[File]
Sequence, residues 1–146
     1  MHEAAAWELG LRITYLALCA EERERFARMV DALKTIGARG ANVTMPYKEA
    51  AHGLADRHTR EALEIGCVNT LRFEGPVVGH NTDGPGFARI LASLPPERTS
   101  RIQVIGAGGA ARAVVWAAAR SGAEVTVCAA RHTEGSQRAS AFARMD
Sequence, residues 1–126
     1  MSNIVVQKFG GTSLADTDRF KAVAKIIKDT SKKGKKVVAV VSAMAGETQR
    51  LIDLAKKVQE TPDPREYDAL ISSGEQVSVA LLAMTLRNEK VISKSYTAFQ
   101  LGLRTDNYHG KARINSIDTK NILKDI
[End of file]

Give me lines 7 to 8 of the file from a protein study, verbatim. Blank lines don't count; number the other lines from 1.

    51  LIDLAKKVQE TPDPREYDAL ISSGEQVSVA LLAMTLRNEK VISKSYTAFQ
   101  LGLRTDNYHG KARINSIDTK NILKDI